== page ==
The project whereby Okuda transformed the interior of a church has finally come to an end and the result is just spectacular. We’ve prepared some questions for Okuda himself regarding some issues that we felt were appropriate to address in an intervention as unique as this one.
As we’ve seen in the Paco De Lucia metro station, it’s not the first time you’ve had to adapt compositions to specific architectural structures. What’s it been like adjusting your work to the peculiarities of a church?
I think this is exactly what attracts me to these types of projects, and what made me fall in love with the church. I feel very comfortable adapting to surfaces as classical as a church. The contrast between such colourful contemporary painting, and classical, raw stone architecture is what impressed and excited me the most upon finishing.
Can you describe the experience of decorated such a unique space? At some time or another, did you feel like one of the medieval artisans who decorated churches?
The feeling was incredible. I felt extremely privileged to be able to paint my own Sistine Chapel; uniting worlds as diverse as skateboarding, street art, and art history’s most classical surface; the church.
We see many natural as well as human elements in the composition: a bear, a bull, an owl…what do they symbolize?
I think the fact that it was a church caused me to think about all religions are their symbols. There’s some inspiration from Hinduism where animals are the gods, seeing that I’ve travelled quite a lot to India and it has always inspired me.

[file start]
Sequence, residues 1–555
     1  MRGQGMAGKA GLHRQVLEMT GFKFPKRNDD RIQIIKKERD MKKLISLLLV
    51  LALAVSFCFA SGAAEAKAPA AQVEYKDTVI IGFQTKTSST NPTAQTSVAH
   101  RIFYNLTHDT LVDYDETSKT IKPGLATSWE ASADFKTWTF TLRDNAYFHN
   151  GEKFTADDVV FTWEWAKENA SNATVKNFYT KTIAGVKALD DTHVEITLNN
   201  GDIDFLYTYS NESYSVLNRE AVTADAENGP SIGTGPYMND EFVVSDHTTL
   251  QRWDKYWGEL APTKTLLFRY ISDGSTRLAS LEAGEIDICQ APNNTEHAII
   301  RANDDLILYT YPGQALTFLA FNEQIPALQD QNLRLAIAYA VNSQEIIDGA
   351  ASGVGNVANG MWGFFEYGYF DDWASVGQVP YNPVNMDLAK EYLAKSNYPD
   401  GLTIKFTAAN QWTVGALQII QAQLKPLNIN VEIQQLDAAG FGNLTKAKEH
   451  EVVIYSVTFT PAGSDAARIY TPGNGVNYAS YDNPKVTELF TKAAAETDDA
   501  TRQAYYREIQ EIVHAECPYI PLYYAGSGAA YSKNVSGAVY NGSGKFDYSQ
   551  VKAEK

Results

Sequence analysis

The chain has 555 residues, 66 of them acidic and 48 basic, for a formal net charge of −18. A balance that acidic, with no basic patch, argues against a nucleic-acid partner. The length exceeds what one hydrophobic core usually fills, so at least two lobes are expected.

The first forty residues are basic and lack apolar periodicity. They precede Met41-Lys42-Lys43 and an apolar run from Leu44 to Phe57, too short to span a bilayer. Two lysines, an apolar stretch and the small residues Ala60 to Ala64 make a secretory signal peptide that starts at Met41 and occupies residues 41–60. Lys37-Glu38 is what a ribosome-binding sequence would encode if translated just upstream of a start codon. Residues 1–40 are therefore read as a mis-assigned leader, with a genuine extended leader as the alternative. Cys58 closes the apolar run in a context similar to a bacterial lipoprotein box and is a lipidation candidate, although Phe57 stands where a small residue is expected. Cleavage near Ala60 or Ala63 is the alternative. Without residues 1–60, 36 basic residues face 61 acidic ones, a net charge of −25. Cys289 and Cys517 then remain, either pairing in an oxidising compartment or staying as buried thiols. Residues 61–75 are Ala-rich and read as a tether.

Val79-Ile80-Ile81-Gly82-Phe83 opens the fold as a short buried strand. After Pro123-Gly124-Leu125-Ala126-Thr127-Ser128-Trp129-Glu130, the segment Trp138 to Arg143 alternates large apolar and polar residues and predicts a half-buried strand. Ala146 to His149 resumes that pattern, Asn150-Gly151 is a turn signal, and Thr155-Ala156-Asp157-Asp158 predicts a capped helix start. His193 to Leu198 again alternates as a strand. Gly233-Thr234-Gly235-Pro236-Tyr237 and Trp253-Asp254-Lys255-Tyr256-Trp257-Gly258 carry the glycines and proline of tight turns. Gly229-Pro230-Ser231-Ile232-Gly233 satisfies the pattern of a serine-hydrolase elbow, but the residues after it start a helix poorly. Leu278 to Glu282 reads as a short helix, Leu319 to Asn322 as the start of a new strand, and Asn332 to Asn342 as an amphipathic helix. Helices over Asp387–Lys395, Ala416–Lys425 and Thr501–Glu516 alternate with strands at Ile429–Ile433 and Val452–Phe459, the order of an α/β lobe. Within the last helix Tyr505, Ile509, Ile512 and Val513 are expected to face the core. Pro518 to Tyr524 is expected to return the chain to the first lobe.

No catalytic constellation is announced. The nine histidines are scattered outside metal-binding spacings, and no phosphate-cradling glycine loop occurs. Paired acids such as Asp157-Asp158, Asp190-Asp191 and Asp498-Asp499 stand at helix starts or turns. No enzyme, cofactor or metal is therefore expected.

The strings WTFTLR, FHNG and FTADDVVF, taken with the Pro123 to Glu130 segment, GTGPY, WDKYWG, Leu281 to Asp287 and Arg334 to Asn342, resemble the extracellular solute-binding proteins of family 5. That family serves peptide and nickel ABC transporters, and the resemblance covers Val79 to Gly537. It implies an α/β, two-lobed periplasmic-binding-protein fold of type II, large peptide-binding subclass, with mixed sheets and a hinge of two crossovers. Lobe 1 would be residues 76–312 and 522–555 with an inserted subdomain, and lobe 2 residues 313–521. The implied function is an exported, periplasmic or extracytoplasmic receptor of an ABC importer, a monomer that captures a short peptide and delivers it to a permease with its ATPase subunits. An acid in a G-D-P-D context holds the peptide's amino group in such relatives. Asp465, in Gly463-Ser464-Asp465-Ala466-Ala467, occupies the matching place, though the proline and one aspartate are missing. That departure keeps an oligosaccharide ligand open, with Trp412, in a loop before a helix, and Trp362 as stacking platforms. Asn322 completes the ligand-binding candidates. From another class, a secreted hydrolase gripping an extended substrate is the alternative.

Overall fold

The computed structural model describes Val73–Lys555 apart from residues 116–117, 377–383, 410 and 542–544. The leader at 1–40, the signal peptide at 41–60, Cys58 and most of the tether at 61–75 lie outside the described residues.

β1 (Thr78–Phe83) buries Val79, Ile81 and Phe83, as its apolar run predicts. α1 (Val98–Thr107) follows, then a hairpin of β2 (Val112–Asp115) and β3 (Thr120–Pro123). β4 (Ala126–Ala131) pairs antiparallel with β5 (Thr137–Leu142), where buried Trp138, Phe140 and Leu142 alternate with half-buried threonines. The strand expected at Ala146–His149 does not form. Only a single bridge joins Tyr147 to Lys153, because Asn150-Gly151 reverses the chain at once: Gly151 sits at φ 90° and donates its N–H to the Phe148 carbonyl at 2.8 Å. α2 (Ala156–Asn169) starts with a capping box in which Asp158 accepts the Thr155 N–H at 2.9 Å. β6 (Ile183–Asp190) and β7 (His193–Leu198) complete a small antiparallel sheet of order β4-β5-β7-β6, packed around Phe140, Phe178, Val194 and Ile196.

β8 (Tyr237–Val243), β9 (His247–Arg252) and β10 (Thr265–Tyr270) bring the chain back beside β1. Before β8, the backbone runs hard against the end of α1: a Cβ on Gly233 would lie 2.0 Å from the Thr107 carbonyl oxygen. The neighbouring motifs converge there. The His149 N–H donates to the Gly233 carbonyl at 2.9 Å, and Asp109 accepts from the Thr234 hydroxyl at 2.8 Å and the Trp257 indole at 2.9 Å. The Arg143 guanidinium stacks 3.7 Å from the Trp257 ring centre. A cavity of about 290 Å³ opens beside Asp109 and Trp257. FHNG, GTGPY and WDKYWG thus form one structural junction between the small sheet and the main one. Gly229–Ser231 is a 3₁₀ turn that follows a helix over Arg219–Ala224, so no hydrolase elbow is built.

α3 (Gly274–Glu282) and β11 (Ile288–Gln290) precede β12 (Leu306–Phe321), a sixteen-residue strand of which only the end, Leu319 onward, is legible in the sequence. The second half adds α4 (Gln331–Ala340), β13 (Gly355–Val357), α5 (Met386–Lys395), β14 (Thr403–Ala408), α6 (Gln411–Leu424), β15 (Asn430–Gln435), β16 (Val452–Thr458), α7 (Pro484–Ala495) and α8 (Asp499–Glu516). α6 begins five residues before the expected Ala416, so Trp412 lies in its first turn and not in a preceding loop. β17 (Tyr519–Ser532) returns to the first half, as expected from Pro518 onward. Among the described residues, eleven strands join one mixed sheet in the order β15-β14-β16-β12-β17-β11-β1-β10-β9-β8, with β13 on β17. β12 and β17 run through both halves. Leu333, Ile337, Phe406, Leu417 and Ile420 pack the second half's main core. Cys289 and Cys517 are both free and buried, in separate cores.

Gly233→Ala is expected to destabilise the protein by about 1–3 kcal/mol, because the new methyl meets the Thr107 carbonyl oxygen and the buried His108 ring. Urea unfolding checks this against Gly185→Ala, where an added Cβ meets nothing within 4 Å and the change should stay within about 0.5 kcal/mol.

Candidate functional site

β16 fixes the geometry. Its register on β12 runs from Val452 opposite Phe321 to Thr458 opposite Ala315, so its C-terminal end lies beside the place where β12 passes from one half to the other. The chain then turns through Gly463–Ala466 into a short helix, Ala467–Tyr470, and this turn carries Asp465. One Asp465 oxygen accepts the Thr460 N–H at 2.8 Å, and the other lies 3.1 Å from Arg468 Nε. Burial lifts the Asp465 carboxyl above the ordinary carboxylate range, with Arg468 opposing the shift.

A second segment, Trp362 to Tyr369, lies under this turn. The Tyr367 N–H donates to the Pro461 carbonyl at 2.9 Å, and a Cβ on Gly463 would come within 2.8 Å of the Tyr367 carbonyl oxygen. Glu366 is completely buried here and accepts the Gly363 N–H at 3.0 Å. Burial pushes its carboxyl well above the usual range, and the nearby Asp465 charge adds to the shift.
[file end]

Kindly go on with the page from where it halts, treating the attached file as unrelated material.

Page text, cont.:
Also, animals and humans are very representative in my work. I think it was the right place to include my complete iconography.
Is it crazy to think that religiously sensitive people might think this intervention is a sacrilege? What would you say to them to make them feel reassured?
I don’t think there’s any negative or offensive connotations in my work. And it came from my heart, with all of my love. So So, I don’t think it could be considered sacrilege; it’s far from it.
Why was the temple decorated on the inside and not on the outside?
It’s because the space I was attracted to was the interior. The exterior is pure brick. And above all, because of cultural heritage issues. The government gave permission to paint the inside. They even permitted the changing of the windows to my stained glass windows.
Your colorful, geometric style is reminiscent of stained glass or mosaic, which makes it fit perfectly for the decoration of this building. Do you think that it also fits in with the skate scenes’ taste?
Maybe the skate world is a bit darker. Or more punk. But the magic is in that. In uniting two different worlds and connecting them perfectly. In fact, from what I could see, all the skaters, the people from the Church Brigade, and other onlookers’ reactions were totally positive.
Did you have a true religious experience?
Totally. I believe that all religions are the same, simply interpreting the same thing in a different way. We are all God. Humanity united… in a way this is a representation of my religion, my freedom, and of my way of life… KAOS STAR…KAOS TEMPLE… it’s freedom, color, positivity, love…
Photos by Elchino Pomares